Annotation: These voluntary guidelines are intended to support schools in creating an inclusive environment for all students in Michigan. Contents include best practice strategies for school districts to create a supportive learning environment with specific guidance on supporting transgender and gender nonconforming students. Definitions are included.

Contact: Michigan State Board of Education, 608 W. Allegan Street, Lansing, MI 48909, Telephone: (517) 373-3324 Web Site: http://www.michigan.gov/mde/0,4615,7-140-5373---,00.html Available from the website.

Keywords: Bullying, Child health, Child safety, Civil rights, Health promotion, Homosexuality, Injury prevention, Learning, Michigan, Nonconformity, Policy development, Protective factors, Risk factors, School districts, Schools, Sex characteristics, Sex role, Sexual harassment, Students, Violence prevention, Work force

Healthy Schools Network. 2016. Environmental health at school: New solutions put children first. Albany, NY: Healthy Schools Network, 28 pp.

Annotation: This report summarizes a conference held on June 6–7, 2016, in Washington, DC, to advance research, policies, and programs to reduce children's risk for environmental exposures in child care facilities and P–12 schools. Topics include opportunities for public health agencies to protect children from environmental threats in schools, state and local agency experiences in promoting healthy schools and healthy children, the Environmental Protection Agency's role in protecting children's health in child care and school settings, prevention and intervention pilots, advancing children's rights, and establishing a national children's environmental health commission.

Contact: Healthy Schools Network, 773 Madison Avenue, Albany, NY 12208, Telephone: (518) 462-0632 Fax: (518) 462-0433 E-mail: info@healthyschools.org Web Site: http://www.healthyschools.org Available from the website.

Keywords: Child care centers, Child safety, Children, Collaboration, Environmental exposure, Environmental health, Hazardous materials, Injury prevention, Intervention, Policy development, Preschool children, Program development, Research, Responsibility, Risk factors, Role, School age children, Schools, Systems development

Minnesota Department of Health, Child and Teen Checkups and Minnesota Department of Education, Early Learning Services. 2016. Sharing child information to coordinate early childhood special education (ECSE) referrals: Guidance for clinics and schools. St. Paul, MN: Minnesota Department of Health, Child and Teen Checkups; Roseville, MN: Minnesota Department of Education, Early Learning Services, 2 pp.

Annotation: This document provides guidance for clinics and schools on the roles and responsibilities of medical providers and educational professionals in identifying and treating developmental and social-emotional concerns in young children from birth to age 5. Topics include communicating with families; referring for educational and medical evaluation; sharing evaluation results, including information about confidentiality and consent; and shared care planning. A link to a map of trained mental health professionals and a graphic showing a communication feedback loop are included.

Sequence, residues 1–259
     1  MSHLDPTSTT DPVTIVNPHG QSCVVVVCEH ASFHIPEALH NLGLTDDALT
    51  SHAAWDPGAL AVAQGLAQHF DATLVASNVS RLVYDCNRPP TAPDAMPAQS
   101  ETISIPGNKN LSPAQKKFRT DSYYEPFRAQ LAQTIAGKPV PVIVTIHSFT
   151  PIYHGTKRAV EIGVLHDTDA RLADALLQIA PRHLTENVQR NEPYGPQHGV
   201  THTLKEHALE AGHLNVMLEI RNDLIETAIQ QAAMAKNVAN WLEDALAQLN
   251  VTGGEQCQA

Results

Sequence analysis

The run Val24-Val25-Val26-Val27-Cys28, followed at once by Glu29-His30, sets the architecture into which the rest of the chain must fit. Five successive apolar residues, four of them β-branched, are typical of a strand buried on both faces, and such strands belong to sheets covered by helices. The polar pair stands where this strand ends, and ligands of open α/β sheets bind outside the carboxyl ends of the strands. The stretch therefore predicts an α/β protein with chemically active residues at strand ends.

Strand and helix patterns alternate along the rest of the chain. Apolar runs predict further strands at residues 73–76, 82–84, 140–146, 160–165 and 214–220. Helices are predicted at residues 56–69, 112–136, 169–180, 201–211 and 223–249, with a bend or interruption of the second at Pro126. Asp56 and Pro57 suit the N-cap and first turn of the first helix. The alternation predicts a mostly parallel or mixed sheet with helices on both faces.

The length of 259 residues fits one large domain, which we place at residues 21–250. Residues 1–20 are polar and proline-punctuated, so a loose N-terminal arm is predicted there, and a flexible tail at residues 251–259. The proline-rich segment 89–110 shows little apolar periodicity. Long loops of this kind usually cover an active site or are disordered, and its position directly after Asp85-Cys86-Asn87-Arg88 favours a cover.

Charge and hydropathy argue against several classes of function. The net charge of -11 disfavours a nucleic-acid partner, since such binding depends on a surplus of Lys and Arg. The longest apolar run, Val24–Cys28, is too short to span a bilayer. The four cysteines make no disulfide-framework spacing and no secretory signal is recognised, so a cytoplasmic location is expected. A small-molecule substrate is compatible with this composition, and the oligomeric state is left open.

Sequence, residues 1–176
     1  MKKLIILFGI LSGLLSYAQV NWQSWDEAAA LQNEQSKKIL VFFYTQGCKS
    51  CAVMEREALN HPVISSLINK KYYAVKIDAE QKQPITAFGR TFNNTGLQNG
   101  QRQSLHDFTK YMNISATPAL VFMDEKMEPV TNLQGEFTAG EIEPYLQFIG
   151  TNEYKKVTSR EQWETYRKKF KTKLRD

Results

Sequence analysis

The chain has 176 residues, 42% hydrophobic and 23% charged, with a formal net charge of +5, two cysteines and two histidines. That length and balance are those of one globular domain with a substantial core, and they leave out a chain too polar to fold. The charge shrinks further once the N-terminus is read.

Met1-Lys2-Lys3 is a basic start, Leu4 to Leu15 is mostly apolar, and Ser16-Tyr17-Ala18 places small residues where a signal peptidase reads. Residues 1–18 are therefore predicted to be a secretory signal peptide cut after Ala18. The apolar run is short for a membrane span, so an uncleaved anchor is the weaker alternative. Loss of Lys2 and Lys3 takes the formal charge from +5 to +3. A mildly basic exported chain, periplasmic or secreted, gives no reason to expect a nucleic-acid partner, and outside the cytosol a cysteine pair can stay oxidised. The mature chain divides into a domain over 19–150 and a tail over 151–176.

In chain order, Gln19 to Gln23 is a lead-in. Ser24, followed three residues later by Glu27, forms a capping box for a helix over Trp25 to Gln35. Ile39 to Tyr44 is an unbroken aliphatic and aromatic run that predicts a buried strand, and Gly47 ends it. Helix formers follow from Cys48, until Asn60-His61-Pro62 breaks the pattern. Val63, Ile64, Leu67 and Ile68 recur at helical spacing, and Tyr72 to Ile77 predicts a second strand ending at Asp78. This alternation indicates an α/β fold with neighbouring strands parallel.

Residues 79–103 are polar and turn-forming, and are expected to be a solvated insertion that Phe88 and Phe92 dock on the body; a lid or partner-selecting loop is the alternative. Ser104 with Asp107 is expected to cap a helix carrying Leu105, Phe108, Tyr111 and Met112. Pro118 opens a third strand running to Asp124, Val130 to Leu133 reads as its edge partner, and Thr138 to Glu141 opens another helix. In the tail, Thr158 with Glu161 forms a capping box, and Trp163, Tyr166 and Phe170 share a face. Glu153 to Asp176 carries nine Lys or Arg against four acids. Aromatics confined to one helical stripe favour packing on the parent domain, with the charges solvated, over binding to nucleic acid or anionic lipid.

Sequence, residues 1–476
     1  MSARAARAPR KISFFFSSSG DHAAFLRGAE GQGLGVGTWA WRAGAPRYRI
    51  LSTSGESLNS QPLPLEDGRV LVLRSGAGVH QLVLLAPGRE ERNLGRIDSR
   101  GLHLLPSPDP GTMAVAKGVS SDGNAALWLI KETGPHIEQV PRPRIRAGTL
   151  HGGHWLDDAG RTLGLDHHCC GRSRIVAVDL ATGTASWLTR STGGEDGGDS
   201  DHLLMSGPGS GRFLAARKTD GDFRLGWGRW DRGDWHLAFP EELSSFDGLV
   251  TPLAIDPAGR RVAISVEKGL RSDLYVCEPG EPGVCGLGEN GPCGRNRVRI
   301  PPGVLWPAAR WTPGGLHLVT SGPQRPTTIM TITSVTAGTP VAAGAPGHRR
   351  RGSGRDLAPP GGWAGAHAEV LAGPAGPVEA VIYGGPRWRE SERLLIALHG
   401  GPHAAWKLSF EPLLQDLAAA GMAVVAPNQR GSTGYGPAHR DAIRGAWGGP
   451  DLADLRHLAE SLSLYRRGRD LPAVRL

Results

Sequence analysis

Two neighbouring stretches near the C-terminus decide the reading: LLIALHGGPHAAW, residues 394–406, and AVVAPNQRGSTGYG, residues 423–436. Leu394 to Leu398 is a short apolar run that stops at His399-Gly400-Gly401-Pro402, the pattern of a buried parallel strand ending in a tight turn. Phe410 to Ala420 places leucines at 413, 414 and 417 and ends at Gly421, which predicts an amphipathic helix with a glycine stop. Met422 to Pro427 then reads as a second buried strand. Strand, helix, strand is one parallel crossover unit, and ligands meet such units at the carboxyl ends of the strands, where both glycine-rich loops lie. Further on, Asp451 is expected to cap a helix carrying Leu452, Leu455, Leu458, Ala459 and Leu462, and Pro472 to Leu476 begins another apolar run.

Contact: Minnesota Department of Health, Child and Teen Checkups Program, P.O. Box 64882, St. Paul, MN 55164-0882, Telephone: (651) 201-3760 E-mail: health.childandteencheckups@state.mn.us Web Site: http://www.health.state.mn.us/divs/cfh/program/ctc Available from the website.

Keywords: Child development, Clinics, Communication, Confidentiality, Early childhood, Early intervention, Emotional development, Family support, Legal issues, Mental health, Parent consent, Planning, Psychosocial development, Referrals, Role, School districts, Schools, Screening, Young children

Chazin S. 2015. Engaging schools to support better oral health for low-income children. Hamilton, NJ: Center for Health Care Strategies, 7 pp.

Annotation: This brief describes the role that school-based oral health programs can play in addressing access to oral health care for children and adolescents from families with low incomes. It highlights opportunities for state Medicaid agencies and public health programs to support school-based efforts to improve oral health among students. Contents include an overview of school-based oral health programs, a discussion of how to engage school decision-makers and other key stakeholders in advancing school-based oral health, and information about challenges and considerations related to working to engage schools and students and their families in oral health.

Contact: Center for Health Care Strategies, 200 American Metro Boulevard, Suite 119, Hamilton, NJ 08619, Telephone: (609) 528-8400 Fax: (609) 586-3679 E-mail: Web Site: http://www.chcs.org Available from the website.

Keywords: Access to health care, Adolescents, Children, Health care utilization, Low income groups, Medicaid, Oral health, Program improvement, Program planning, Quality assurance, School based clinics, School health programs, School health services, School role, Schools, State programs, Students